It's an interesting concept... Now spammers will use a noticeable portion of
the CPU on the boxes they've hijacked, instead of the currently virtually
unnoticable portion of the resources, so, in that sense, it might help
the owned boxes to their true owners.
Me thinks you overestimate the coding quality of ANY commonly available
program which deals to millions of sockets, and there is no reason
spammers wouldn't be included. CPU is the only thing bounding the problem
at "bad", instead of "insane".
How much pipe do you think a new high end system can fill by sending out
relatively short messages to millions of sockets, even with halfway decent
code, by the time it finishes doing MX resolutions, the 3-way handshake,
deals with unreachable or otherwise dead or blocked servers which don't
send an RST, and handles all this concurrently? I'd put the number
somewhere around 5Mbps, and this doesn't even touch people throwing
together perl scripts, or who can't write asynchronous code and just throw
threads at the problem.
But to quote a line from the article:
"One of the fundamental problems with spam is that it costs nothing to
send, but has associated costs for the recipient which include loss of
bandwidth, problems with usage, and lost productivity," he said.
This is absolute nonsense. It costs the spammers the sum total of what it
costs all the recipients, and probably more. Yes there are some people who
abuse open relays, a dial account they were already paying for, or a
hacked box, but what percentage of the spams do you think these account
Spamhaus says 10%, though that does sound like a number they just pulled
out of their ass.
Spammers pay the same way that receivers do, except without the luxury of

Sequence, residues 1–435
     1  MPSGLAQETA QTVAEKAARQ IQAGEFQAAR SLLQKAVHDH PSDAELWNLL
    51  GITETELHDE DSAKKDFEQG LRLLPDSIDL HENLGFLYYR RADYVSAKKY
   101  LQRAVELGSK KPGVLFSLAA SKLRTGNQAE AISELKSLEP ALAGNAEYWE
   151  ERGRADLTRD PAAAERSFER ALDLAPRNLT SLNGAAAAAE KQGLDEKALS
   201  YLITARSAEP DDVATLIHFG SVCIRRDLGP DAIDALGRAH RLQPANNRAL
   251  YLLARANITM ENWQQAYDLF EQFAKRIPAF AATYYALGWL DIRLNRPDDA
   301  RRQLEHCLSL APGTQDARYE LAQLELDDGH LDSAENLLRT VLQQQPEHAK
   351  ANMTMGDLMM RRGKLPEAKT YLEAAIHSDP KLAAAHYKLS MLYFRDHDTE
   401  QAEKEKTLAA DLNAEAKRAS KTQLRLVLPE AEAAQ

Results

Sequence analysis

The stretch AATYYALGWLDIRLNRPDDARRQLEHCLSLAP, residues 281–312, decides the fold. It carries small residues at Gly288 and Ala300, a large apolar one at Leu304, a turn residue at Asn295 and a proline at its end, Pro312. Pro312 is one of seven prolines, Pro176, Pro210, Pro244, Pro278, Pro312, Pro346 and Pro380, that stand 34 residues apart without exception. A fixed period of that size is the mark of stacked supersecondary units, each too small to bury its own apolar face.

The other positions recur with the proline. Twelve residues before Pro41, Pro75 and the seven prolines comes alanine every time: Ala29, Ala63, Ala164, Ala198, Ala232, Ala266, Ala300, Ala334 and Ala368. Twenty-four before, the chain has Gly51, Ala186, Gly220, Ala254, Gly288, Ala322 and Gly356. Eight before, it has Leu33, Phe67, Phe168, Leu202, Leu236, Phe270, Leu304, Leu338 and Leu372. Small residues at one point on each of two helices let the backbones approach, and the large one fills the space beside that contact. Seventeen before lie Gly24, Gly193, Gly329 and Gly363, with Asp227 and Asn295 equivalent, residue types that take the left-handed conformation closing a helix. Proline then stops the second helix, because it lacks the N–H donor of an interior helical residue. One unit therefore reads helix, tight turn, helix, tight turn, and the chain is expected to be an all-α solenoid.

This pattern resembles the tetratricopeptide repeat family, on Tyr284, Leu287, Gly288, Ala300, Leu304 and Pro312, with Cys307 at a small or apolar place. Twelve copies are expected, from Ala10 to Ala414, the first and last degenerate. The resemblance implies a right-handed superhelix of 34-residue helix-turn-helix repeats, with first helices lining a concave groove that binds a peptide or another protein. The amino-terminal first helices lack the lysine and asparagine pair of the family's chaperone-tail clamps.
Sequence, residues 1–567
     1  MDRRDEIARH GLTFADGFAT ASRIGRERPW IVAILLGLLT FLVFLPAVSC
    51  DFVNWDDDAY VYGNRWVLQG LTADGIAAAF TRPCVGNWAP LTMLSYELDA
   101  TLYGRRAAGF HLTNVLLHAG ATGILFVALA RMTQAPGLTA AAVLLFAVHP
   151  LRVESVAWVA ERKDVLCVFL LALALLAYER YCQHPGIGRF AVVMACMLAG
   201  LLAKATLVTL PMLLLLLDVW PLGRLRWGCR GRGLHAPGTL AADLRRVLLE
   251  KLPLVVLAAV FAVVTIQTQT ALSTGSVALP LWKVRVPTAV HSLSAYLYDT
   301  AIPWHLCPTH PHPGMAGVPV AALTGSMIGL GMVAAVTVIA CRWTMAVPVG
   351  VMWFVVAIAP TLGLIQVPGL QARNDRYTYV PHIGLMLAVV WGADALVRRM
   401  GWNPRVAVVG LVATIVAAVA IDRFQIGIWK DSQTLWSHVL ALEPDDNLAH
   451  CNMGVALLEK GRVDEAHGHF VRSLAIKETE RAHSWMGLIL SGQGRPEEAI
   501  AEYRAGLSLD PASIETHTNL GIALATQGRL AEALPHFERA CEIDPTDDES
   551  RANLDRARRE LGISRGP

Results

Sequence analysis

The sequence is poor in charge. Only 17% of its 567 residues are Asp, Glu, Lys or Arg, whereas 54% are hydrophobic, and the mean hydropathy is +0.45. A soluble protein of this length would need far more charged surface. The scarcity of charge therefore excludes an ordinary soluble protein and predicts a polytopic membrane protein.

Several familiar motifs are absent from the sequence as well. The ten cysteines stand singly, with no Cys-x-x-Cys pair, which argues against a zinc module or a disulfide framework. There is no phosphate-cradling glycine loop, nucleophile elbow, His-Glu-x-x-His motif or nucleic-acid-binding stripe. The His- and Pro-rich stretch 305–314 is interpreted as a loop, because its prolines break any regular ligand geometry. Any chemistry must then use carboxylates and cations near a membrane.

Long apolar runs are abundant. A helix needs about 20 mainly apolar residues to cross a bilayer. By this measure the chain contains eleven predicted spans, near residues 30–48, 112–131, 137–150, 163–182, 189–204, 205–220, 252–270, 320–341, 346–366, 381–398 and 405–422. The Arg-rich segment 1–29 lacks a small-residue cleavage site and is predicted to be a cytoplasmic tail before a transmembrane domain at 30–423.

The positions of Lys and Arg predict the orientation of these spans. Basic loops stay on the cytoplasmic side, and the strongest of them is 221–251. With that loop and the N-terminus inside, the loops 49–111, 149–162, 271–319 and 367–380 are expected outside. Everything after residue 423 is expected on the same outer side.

dealing with only one millionth of the load. These don't apply to every
situation obviously, but just off the top of my head we have:
* Cost of commercial outbound bandwidth vs residential inbound bandwidth
* Cost of the systems which send the e-mails, be they rented or purchased
* Cost in money and time changing providers constantly
* Cost of paying providers large sums of money far over market rate to stay
* Cost in money and time to obtain e-mail lists
* Cost in money and time to receive and sort bounces, and prune dead emails
* Cost in money and time to continue to operate the site being advertised
* Cost in money and time to deal with thousands of angry calls/emails if
they try to keep the LOOK of legitimacy by claiming they don't spam
Obviously these are very real costs, of the exact same legitimacy as the
receivers "costs". Yes spam is a cheaper way to reach millions than other
advertising methods like direct mailing, but that doesn't mean that it is
The point here is that spam is used, not because it is free, but because
it WORKS as an advertising method. If you sell a $50 product (like say
software, or a subscription to a porn site, or even some $0.10 penis
growth sugar pills), and you spam 100 million email addresses at a cost of
$5000, and if even 0.01% of the people click the link and buy the product,
you've just netted $495,000. As long as it is making people that kind of
money, there will be sufficient reason to find a way to get around these
poorly thought out ideas of Microsoft.
P.S. Are there any MTA hacks which keep the socket of messages identified
as spam tied up as long as possible? I haven't seen them, but it seems
like a good idea.